MIT Team Reveals What Happens to Brain Immune Cells During Alzheimer’s Development
Massachusetts Institute of Technology researchers have found that Alzheimer’s disease causes microglia — the immune cells that normally protect brain cells from damage — to change their behavior and instead promote a pro-inflammatory immune response.
Their study, “Temporal Tracking of Microglia Activation in Neurodegeneration at Single-Cell Resolution,” appeared in the journal Cell Reports.
“Right now, microglia are really in the spotlight for a number of neuro-system diseases, including Alzheimer’s, and also schizophrenia,” Li-Huei Tsai, director of MIT’s Picower Institute for Learning and Memory and the study’s senior author, said in a news release. “However, there are still a lot of very basic things that we don’t know about microglia, such as whether cells in the healthy and diseased brain are all the same, or whether there are different groups, and how they become more inflammatory in the diseased state.”
Microglia cells have been linked to several neurodegenerative disorders including Alzheimer’s. However, researchers know little about how this process is regulated.
Using the latest technology, the MIT team analyzed the gene expression profiles of individual microglia cells collected from the brains of mice with Alzheimer’s like-disease. The animals were engineered in Tsai’s lab to have a protein called p25 in the brain, which, when activated, triggers symptoms similar to those observed in humans with Alzheimer’s.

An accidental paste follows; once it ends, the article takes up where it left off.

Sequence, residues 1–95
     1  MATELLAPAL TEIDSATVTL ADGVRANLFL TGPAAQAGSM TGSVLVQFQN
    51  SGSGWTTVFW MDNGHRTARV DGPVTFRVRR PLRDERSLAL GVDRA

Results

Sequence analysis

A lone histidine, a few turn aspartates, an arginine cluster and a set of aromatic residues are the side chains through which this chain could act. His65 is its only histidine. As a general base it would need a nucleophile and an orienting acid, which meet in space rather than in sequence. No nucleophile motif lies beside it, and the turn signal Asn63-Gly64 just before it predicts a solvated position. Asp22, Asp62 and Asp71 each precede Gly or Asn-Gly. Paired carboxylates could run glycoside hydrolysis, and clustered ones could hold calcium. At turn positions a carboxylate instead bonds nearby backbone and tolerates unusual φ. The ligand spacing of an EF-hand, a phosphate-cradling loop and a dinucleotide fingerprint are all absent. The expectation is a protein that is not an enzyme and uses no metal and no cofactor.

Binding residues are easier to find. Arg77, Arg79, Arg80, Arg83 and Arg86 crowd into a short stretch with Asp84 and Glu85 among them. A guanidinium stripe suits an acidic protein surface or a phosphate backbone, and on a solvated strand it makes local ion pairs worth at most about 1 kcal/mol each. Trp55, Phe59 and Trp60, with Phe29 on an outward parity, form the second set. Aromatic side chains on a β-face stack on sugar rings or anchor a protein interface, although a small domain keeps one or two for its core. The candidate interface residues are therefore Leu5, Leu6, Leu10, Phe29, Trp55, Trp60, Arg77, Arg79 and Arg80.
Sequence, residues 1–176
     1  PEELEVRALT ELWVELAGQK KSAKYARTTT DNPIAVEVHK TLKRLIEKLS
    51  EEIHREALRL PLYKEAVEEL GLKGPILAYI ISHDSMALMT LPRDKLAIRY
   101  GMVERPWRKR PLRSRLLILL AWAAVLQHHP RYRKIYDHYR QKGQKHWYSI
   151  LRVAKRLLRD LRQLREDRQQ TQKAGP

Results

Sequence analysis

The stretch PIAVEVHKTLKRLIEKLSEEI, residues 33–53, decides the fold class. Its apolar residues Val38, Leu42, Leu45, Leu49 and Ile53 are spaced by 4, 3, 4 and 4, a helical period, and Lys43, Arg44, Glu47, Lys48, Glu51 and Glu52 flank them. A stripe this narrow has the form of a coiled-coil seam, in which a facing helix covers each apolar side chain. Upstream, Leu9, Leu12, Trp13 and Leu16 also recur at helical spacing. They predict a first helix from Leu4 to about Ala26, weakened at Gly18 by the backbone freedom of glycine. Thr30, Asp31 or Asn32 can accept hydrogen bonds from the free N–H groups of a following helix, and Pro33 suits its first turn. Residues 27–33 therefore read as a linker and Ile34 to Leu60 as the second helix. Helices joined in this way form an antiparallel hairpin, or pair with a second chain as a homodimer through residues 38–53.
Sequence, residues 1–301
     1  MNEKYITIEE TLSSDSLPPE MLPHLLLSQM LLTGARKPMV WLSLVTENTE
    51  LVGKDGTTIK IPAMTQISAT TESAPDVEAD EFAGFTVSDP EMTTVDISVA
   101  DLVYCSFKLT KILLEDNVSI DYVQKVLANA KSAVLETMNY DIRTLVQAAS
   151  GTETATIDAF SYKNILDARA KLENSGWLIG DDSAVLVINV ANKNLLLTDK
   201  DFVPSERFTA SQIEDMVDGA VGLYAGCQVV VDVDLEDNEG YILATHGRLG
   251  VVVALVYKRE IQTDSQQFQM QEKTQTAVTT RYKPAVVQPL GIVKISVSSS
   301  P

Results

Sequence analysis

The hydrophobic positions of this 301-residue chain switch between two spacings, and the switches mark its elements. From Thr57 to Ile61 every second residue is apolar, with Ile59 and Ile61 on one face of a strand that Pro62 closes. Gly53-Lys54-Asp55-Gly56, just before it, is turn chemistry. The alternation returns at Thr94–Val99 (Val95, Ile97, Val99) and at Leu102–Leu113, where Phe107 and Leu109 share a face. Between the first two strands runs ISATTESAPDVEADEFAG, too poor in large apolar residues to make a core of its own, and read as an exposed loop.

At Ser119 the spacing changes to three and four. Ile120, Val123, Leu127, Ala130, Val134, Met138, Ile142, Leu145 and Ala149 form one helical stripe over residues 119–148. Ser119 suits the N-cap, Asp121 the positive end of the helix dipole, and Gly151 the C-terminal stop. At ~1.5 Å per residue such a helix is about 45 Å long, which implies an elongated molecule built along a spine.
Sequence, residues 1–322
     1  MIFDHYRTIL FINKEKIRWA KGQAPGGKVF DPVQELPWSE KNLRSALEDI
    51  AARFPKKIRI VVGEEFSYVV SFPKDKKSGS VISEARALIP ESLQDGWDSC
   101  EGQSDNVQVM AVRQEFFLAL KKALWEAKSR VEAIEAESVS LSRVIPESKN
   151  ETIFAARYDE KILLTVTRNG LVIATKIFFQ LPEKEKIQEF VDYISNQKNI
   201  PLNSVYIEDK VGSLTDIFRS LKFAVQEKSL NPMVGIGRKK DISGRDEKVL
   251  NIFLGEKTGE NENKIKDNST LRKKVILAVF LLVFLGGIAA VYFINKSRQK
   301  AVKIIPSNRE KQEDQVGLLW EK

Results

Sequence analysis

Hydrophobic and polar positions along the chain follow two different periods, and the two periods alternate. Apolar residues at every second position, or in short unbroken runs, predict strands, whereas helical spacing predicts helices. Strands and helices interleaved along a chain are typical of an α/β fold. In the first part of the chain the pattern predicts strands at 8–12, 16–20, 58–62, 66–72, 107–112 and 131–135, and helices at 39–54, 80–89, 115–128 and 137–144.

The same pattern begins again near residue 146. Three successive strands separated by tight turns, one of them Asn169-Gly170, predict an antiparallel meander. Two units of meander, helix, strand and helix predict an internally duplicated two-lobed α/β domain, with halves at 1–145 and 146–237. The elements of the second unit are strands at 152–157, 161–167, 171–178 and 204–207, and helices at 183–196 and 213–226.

Researchers analyzed the gene expression just before activating p25 protein, and one week, two weeks and six weeks after activation.
“This allowed us to follow how microglia respond to the progression of the disease, and the worsening conditions in the mouse brain,” said Hansruedi Mathys, postdoc researcher at the Picower Institute and lead author of the study.
The team observed that microglia cells started to change their behavior within just a week. They began proliferating more than microglia cells collected from control animals that were not modified to develop Alzheimer’s like-disease. This finding suggests that microglia cells are able to sense perturbations in the mouse brain at a very early time point, said Mathys.
When the team looked at cells in later timepoints of disease development, they saw that the cells stopped proliferating and began to express more genes related to pro-inflammatory signals and activation of an immune response.
“The microglia initially transition from a resting state into a proliferation state, after which they transition again into a mainly inflammatory state, with very high expression of genes with a very specific immune system function,” Tsai said.
Researchers also identified different groups of microglia cells that expressed specific patterns of gene expression linked to distinct roles in immune response. This suggests that microglia can regulate several mechanisms involved in neurodegeneration and Alzheimer’s development. However, further studies are needed to test this hypothesis, which may lead to potential new targets for drug discovery.
“I find it particularly exciting that cells transition through different phases, seemingly following different gene expression programs,” said Tony Wyss-Coray, professor of neurology and neurological sciences at Stanford University. “This confirms the suspicion that there is a lot of cellular heterogeneity in microglial response to damage, but this paper actually shows this for the first time in a temporal fashion.”